Google on Friday threatened to remove its search engine from Australia as the country attempts to make into law a code that would force tech companies to share royalties with news publishers.
Australia is aiming to pass the law to help finance its struggling publishing industry, which is suffering due to a decline in advertising revenue. Lawmakers argue that tech giants such as Google and Facebook profit off people using their platforms to find news and that the companies should compensate newsrooms fairly.
But Google, along with Facebook, is fighting back, saying that the code, which would force companies into mediated negotiations with news publishers, is unworkable. "If this version of the code were to become law, it would give us no real choice but to stop making Google Search available in Australia," Google Australia's managing director, Mel Silva, told the Australian Senate, according to the BBC.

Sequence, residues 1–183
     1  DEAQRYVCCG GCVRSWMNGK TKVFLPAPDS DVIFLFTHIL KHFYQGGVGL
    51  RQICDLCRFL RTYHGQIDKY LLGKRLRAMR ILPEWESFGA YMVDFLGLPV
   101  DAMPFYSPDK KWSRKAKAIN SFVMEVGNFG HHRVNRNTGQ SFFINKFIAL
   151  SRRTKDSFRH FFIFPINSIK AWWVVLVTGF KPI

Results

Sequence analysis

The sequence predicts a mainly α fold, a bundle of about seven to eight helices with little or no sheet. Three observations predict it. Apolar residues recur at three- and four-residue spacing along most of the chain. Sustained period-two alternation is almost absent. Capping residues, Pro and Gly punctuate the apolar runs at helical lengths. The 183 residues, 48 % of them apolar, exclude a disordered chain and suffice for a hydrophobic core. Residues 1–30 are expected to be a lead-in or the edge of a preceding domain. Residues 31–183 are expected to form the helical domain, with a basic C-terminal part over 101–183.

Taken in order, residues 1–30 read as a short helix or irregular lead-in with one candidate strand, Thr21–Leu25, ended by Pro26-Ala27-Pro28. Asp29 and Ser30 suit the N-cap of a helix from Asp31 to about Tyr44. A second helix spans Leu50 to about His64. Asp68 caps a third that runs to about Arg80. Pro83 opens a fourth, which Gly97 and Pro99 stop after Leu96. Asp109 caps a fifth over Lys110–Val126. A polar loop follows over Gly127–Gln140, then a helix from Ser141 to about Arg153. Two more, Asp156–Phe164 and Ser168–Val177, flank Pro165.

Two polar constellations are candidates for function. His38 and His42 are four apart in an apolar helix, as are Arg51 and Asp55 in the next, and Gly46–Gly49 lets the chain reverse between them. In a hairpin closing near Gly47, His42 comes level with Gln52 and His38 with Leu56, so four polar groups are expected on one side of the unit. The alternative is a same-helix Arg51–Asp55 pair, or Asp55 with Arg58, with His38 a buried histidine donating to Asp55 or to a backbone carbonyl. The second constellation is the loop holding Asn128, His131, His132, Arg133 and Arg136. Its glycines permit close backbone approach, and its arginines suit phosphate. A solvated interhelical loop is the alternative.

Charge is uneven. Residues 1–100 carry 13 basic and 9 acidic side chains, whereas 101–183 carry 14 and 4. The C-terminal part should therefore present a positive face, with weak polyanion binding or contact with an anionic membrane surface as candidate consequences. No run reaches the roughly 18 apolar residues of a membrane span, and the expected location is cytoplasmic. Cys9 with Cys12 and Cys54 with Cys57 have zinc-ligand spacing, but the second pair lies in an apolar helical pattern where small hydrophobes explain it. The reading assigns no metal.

Australia's prime minister, Scott Morrison, reacted to Google's ultimatum by saying the country would not "respond to threats," according to the Guardian. "Let me be clear: Australia makes our rules for things you can do in Australia," he said.
In threatening to strip Australia of its most widely used search engine, Google is following in the footsteps of Facebook, which last Augustin the country.
Google didn't respond to a request for further comment.